"The Expedition of Rock River Valley"
10 years, 10 Sculptures, Oregon, IL

To continue a legacy that began where the Eagle Nest Art Colony founded their group in Oregon, Illinois in 1898, with notable sculptor Lorado Taft, a group of Oregon citizens has formed the Community Art Legacy (CAL) with the intent of installing "10 Sculptures in 10 Years."

I have received the honor by the CAL committee to complete the tenth and last sculpture in the series for the project. I am especially excited to be a part of this project. Oregon is where I had spent my early youth. It was a heartful and idealistic place to spend my early years. It has much to do with my appreciation of the natural world still today. I still have family living there and always look forward to visiting with them and seeing the old sites when I am in the area.

My piece depicts the town of Oregon's founder John Phelps in 1833. The image shows Phelps as he and fellow traveler, Stephen A. St. Cyr, explore the Rock River Valley by canoe. Mr. Phelps was not only looking for a location for his future home and farm, but he intended to create a road to Chicago from the northwest part of the state. He founded the location that is now Oregon a fitting place to cross over the Rock River on the way to Chicago.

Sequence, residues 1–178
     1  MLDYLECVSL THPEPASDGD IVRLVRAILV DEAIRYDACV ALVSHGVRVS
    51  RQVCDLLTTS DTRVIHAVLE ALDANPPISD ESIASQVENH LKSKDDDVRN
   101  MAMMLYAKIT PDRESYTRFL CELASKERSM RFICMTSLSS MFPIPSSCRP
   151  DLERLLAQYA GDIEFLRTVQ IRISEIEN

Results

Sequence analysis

The sculpture is constructed out of clay, in the "bas-relief technique". Above are images showing the process and the many layers that go into creating a bas-relief from the construction of the base or armature to sculpting the final clay layer with detail and depth.

My studio in southern Maine could not accommodate the size of the piece. So to the rescue came fellow artists and friends, Jeff and Lindley Briggs of Newburyport, Massachusetts. They have been creating wonderful sculpture for over forty years and offered to share the use of their beautiful studio for my project. Not only are they generously sharing their space but also their expertise and support.

Once I complete the sculpture, it will be shipped to the inBronze Foundry in Mt. Morris, Illinois. There, they will oversee the difficult process of casting the finished clay into bronze. The completed bronze will be on display in Oregon for the summer of 2015.